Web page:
I am currently a Student at University of North Texas working my degree in Mathematics with a minor in secondary education. Before I went back to school, I trained sales representatives and I fell in love with teaching. Math and physics have always fascinated me so I decided to go back to school to pursue a career in teaching. My biggest strengths are patience and creativity. I believe it is my job to explain the material in a way a student can understand, which means I need to be knowledgeable enough explain concepts in several ways and patient enough to continue trying new methods until I find one that works.
There is nothing more satisfying than the "Aha," moment!
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First, I want to create a rapport with my student and try to change their perceptions of math. I don't believe there is such thing as a "math brain" and the best way to describe my method is guidance by probing questions. I want the student to discover as much as possible on their own, while I help guide their train of thought. The only thing I ask of my students is they try, effort will make all the difference in their development.
I have spent time Training sales representatives, and coaching various sports. I have worked with students from children to young adults. Currently, I'm enrolled in the Teach North Texas program at UNT which has given me much more formal training in how people learn.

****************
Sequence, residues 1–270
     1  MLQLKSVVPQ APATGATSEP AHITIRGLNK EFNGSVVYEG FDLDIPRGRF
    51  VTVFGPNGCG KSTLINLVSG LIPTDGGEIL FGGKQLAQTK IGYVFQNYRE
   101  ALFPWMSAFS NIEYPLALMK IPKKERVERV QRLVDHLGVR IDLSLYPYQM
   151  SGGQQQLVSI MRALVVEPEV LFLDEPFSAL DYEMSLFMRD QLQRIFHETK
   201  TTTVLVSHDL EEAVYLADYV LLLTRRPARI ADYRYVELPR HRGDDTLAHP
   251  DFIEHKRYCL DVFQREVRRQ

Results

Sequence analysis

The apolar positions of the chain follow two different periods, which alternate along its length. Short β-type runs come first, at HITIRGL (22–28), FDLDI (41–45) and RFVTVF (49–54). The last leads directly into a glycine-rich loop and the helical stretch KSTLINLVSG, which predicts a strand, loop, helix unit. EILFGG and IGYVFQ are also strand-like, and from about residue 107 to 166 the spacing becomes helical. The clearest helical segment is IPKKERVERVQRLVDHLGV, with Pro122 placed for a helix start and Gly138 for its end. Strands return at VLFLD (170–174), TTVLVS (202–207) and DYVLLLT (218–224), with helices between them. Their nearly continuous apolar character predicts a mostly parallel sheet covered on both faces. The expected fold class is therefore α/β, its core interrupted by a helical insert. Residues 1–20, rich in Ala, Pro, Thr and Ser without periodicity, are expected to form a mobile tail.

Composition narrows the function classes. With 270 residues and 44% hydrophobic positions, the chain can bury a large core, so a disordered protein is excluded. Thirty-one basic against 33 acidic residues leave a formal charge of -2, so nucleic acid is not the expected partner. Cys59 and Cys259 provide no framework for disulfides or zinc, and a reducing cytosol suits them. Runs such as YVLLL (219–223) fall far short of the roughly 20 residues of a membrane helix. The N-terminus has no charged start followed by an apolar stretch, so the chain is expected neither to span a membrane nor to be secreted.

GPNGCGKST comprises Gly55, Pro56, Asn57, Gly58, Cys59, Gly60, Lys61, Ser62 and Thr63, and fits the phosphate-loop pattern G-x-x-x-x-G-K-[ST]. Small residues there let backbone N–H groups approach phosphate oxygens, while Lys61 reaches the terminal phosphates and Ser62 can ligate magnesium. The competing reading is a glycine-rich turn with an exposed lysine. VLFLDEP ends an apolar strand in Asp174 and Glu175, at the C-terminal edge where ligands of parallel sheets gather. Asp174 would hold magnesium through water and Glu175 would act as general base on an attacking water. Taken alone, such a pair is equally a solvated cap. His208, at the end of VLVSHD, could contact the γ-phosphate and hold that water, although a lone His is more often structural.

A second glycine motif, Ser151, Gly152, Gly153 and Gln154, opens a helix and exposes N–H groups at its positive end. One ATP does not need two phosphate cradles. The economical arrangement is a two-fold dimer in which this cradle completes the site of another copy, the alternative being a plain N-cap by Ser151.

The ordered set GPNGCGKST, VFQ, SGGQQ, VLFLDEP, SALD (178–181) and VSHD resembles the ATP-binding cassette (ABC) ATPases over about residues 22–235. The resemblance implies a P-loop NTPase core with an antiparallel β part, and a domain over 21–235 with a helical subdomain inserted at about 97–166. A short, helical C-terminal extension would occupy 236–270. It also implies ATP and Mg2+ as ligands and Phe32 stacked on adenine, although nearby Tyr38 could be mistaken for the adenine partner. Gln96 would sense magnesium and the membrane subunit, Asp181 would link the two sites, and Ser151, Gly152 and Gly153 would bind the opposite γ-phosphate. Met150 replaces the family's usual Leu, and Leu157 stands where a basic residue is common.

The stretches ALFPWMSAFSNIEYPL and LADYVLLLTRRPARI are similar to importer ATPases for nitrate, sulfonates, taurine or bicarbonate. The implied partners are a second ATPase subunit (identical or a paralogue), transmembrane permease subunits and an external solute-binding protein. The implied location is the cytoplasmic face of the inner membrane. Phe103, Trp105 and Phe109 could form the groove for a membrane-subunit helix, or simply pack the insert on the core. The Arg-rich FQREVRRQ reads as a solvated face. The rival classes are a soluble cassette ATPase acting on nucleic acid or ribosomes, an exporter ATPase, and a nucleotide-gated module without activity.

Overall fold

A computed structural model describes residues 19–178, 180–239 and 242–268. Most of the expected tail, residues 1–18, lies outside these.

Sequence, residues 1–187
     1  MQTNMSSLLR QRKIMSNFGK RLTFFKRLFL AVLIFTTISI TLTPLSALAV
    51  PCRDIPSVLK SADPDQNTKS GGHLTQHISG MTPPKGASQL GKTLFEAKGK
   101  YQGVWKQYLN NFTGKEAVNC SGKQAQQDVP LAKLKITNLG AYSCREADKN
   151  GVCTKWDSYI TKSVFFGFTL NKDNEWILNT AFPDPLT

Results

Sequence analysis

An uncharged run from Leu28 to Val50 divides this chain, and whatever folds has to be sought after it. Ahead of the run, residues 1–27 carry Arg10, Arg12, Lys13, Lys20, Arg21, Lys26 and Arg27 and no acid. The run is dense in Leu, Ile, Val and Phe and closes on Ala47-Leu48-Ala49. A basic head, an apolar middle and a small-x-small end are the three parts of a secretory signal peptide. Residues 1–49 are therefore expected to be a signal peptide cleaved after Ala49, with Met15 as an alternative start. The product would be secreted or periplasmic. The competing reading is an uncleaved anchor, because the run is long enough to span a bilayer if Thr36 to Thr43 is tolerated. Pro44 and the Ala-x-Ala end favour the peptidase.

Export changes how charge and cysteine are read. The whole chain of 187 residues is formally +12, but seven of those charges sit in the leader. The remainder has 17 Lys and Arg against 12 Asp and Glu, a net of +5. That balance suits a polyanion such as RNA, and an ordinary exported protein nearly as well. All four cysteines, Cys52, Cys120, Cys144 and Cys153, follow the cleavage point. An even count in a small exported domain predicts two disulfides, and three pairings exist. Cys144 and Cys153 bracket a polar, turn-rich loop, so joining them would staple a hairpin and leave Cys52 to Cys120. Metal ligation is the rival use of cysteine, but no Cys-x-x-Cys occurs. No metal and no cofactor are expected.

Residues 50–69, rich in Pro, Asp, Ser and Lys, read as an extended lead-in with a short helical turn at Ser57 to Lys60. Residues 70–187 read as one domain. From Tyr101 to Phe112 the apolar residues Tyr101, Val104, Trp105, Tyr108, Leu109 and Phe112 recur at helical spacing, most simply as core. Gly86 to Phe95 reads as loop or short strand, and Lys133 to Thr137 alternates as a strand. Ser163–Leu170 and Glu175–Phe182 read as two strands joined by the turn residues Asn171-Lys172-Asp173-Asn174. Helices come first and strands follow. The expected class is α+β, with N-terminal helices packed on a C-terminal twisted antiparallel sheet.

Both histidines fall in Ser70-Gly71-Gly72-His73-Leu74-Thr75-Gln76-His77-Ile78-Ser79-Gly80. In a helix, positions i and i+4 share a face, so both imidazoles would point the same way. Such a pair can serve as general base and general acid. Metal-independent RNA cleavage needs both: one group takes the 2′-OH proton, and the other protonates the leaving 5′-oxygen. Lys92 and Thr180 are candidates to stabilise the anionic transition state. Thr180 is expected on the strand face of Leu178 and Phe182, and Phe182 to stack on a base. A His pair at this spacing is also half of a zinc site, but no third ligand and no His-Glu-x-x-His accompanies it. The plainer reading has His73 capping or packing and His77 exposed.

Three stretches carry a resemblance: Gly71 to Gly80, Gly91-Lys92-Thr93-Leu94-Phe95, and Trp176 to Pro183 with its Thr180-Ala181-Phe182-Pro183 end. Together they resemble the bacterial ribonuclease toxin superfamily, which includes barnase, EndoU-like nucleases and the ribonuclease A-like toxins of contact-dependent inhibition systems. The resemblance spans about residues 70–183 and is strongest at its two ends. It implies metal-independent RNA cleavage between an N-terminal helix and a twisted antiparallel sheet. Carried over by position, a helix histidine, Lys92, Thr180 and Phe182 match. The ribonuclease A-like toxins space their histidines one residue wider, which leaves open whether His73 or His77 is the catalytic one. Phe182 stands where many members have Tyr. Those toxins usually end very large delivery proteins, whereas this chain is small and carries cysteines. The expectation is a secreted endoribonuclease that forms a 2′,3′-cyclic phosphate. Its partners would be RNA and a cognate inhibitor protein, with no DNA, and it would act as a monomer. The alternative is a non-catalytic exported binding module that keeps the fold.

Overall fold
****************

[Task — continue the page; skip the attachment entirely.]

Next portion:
I'm very flexible, I'm a college student just trying to make ends meet. Generally I would say $15-$20 an hour is fair, and I'll even do the first session for free!
I'm not really sure how I got started. Truth be told, I've been teaching in some form or fashion my whole life. 2016 was a turning point for me, because that's when I realized how much I enjoy teaching and went back to school to pursue a career teaching.
I have worked with peers, children, young adults, and older adults. I have taught mostly math but I have a passion for sports and have spent quite a bit of time coaching. I am just as comfortable with children as I am with adults, and I have experience teaching students that historically have a harder time paying attention.
Most of us have been taught math from a procedural standpoint. (i.e. here's the formula, plug in values, solve). While procedural methods can be helpful at times, generally it doesn't provide a conceptual understanding of why the procedure works. (i.e. does anybody remember the quadratic equation?! any idea where it comes from or why it works?). A conceptual understanding is important because it gives a much deeper understanding and helps to cut down on memorization of procedural steps.